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The Joy Bus
By Judy Pearson
Every Sunday, when Jennifer Caraway was a little girl, a vehicle called “The Joy Bus” picked her up for Sunday School. Jennifer never imagined that the name of that happy vehicle that brought little children to church, would one day become her 2nd Act.
Fast forward several decades. “My friend Joy was battling aggressive, stage four ovarian cancer. I was desperate to do something, anything, to help her. I’ve worked in the food service industry my entire life. It was just natural that my avenue for comforting Joy in her illness would be through food.”
Furthermore, Jennifer is a firm believer in not only the medicinal value of food, but in the immense comfort it can bring those who need just a little extra love. Joy had a huge support system. Everyone loved her. So much so that her husband cut back his working hours to spend more time with her, and her best friend quit her job to help with care taking duties. Meanwhile Jennifer saw others, also battling cancer, who didn’t have that kind of support system.
Joy fought hard, trying one clinical trial after another. And then the day came when, as with so many women facing that diagnosis, her time on this earth ended.
But not before Jennifer – inspired by Joy’s courage and grace – had given birth to a most creative way to honor her friend and help hundreds of other cancer patients. Remembering “The Joy Bus” that brought her and her childhood friends to the goodness in church, Jennifer launched The Joy Bus Meal Delivery Program.
“We meet the crucial needs for social support and proper nutrition after a cancer diagnosis,” Jennifer says. “We’re the ONLY organization of our kind in Arizona, working to improve the quality of life of homebound cancer patients. We not only provide delicious, healthful food but companionship and education on the healing power of food, too.”
Through their partnerships with community organizations and Crooked Sky Farms, The Joy Bus delivers freshly prepared meals to homebound cancer patients each week in eco-friendly and chemical free packaging. And all prepared by a hardworking corps of compassionate volunteers.
Jennifer marvels,“I am continuously inspired by the people involved with our mission. We focus on the ‘food is medicine’ approach. But our volunteers add an amazing dose of friendship because of the kindness of their hearts.”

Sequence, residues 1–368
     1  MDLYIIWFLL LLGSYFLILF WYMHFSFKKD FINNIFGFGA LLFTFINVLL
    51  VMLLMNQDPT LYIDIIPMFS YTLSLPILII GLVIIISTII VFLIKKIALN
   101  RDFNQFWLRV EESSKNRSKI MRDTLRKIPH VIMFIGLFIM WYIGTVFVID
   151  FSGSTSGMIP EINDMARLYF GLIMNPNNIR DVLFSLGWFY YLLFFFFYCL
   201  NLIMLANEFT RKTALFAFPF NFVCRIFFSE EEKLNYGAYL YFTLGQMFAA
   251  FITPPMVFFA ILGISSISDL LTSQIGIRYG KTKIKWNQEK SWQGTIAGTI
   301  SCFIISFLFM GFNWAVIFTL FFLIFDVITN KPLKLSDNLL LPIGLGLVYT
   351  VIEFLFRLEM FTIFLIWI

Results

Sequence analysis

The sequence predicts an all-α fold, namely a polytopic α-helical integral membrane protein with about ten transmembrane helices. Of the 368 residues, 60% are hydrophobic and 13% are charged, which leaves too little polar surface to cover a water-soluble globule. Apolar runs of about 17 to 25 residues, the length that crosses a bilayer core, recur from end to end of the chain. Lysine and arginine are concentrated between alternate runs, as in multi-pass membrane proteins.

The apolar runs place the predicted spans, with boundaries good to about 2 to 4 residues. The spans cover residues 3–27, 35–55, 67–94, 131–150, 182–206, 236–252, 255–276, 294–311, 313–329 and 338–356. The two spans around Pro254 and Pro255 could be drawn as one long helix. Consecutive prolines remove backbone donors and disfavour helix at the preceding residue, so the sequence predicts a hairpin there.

It’s a wonderful mission. But it’s not all there is to Jennifer’s creativity. She also opened the Joy Bus Diner.
“We had grown to the point where we needed an industrial kitchen,” she explains.
“So I figured, why not create a business where 100% of all money raised goes back to the meal delivery program?”
Located on Shea Boulevard just east of the 51, the Joy Bus Diner serves up some of the most delicious and nutritious breakfasts and lunches around. Joy’s husband even brought in a picture of his beloved wife to add to the decor.
When The Joy Bus Meal Delivery Program began, hospital case managers and social workers referred 12 to 15 homebound patients per week. But the popularity of the program has caused that number to grow to 40 homes per week.
One of those patients was Carrie, a former ballroom dancer. She knew her disease and treatment had ravaged her appearance, and she didn’t want Jennifer to see her on meal delivery days. But Carrie thrived on the camaraderie they were developing. So when Jennifer would leave the kitchen heading to Carrie’s, she would call her and the two women would chat away on the phone the entire round trip.
One day, the Joy Bus Diner was having a celebrity chef fund raiser. It happened to fall on a day that Carrie – a true foodie – was feeling particularly good. She got all dressed up to attend the event, absolutely losing herself in the presence of so many accomplished chefs. Such relationships are not rare in Jennifer’s world.
“We’ve built a community,” Jennifer says. “Even after patients recover, they come to the diner, as do their families and friends. On any given day, everyone in the place has a connection.” It’s a new twist on six degrees of separation. Cancer is so prevalent in our world, it’s difficult to find someone who hasn’t been touched in one way or another.
The Joy Bus is limited only by capacity. Today, the deliveries are made within a 15 mile radius. But Jennifer hopes to expand to 50 homes a week, with additional kitchens to serve more homebound cancer patients throughout Maricopa Country.
And although Joy isn’t on hand in person, her spirit certainly is, every time The Joy Bus brings goodness to those who need it most.
Judy Pearson is a journalist, published author, and the founder of A2ndAct.org. Her organization supports and celebrates women survivors of all cancers as they ] give back to the greater good in their 2nd Acts. Her passion is finding those who have have healed themselves by helping others.